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How do the different diets for diabetes compare?

Diabetes is a major public health problem. Each day, 280 Australians will be diagnosed with diabetes with the total number of people in this country with either diabetes or a condition of pre-diabetes standing now at a staggering 3.2 million. Type 2 diabetes is by far the most common form of diabetes and is leading the world-wide explosion in this disease.

There is much we know about how type 2 diabetes can be prevented by lifestyle changes that focus on modest weight loss, eating more foods high in fibre, eating less foods high in saturated fat and getting more active.

What is less clear is what type of dietary pattern is optimal for controlling blood sugar levels in someone already with type 2 diabetes. There have been many clinical trials looking at different dietary approaches to managing type 2 diabetes which include :

  •     Low-carbohydrate
  •     Vegetarian
  •     Vegan
  •     Low glycaemic index (GI)
  •     High fibre
  •     High protein
  •     Mediterranean

These different dietary approaches do not exist in isolation and there is a large degree of commonality between them – particularly their focus on eating more unprocessed foods. For someone with diabetes, it can be confusing to work out what is the best way to eat with so much conflicting information. So scientists have evaluated the different dietary approaches to see what type of pattern appears to be the most effective.

From a review of 20 randomised clinical trials, the four dietary patterns that appeared to offer the most benefit were a low-carbohydrate, low-GI, Mediterranean, and high protein diet.

The dietary pattern with the greatest effect overall was the Mediterranean diet. This is hardly surprising considering the wealth of research showing that a Mediterranean diet pattern has many positive health benefits.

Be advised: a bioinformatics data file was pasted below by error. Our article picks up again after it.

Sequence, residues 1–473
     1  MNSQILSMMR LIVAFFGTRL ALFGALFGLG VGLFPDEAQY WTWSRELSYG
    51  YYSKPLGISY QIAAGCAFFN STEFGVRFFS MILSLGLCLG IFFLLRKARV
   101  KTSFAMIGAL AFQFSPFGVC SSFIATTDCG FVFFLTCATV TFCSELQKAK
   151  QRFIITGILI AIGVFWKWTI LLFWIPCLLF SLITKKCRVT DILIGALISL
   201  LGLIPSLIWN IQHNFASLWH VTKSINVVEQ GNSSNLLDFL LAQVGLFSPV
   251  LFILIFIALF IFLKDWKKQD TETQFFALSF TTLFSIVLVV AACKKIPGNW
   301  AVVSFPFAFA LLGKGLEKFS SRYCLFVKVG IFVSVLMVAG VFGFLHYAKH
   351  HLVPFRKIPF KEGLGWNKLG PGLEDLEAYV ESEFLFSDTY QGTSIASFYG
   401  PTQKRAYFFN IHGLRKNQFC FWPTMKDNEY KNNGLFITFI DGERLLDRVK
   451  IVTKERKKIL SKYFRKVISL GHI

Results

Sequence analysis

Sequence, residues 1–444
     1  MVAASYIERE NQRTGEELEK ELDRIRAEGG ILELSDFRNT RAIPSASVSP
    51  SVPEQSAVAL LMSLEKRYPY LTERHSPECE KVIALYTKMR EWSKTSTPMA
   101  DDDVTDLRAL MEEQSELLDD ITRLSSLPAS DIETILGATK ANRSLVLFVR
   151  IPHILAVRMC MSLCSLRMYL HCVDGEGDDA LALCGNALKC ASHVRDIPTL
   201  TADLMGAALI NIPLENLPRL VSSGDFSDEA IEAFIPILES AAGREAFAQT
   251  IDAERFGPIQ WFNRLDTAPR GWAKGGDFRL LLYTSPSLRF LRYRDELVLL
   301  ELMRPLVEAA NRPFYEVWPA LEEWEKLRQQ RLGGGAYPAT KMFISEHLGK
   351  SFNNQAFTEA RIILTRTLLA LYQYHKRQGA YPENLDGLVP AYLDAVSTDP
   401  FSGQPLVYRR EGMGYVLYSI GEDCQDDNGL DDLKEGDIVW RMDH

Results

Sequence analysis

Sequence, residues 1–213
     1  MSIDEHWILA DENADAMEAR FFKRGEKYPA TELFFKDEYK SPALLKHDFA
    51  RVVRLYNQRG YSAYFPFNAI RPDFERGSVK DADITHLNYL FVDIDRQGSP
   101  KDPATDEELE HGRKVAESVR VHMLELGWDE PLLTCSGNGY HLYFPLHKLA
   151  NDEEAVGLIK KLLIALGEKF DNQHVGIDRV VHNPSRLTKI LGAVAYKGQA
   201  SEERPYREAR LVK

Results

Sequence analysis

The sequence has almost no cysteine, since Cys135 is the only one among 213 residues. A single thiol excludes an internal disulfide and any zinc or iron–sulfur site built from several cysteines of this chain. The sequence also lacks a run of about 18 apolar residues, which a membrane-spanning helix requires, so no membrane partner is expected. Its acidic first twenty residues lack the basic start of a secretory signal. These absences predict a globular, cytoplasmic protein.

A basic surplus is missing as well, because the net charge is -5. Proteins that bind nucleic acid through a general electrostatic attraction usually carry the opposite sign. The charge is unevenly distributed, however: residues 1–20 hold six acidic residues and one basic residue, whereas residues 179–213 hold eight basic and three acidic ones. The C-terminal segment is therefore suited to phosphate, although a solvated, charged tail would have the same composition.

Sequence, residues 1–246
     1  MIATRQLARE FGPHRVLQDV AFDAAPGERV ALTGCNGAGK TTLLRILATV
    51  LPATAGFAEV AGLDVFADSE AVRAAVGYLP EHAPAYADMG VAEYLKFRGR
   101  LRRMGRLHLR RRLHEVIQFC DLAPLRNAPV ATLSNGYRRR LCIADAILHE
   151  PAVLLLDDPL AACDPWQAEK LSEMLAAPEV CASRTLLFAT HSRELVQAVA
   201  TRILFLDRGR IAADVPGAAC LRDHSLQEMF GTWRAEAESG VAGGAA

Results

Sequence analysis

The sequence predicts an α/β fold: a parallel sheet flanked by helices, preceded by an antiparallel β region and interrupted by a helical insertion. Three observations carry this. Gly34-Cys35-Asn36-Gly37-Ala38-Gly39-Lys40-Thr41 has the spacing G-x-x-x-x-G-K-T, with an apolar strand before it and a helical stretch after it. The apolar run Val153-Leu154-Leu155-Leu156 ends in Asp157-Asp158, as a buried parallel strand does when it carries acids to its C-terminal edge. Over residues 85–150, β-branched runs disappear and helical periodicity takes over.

The key aspects of a Mediterranean diet includes plenty of olive oil, legumes, unrefined cereals, fruits, and vegetables, as well as fish, moderate consumption of dairy products (mostly as cheese and yoghurt) and wine, and low consumption of meat and meat products.

What it all means
The results from this review of dietary patterns for type 2 diabetes are not to be taken as an endorsement for one particular approach that should be followed by everyone. Even the authors were quick to acknowledge that dietary behaviours and choices are personal so dietary recommendations should be individualised rather than to use a one-size-fits-all approach. Take some of the key themes of eating a mostly plant-based diet, high in fibre and low in processed foods, as a guideline that all people with type 2 diabetes can work around.


Confused about the mixed soup of nutrition messages being stirred through the media? Tim maintains an active nutrition blog at where you’ll find the latest nutrition research and controversies discussed in straight forward language, distilling out what you need to know for your better health.

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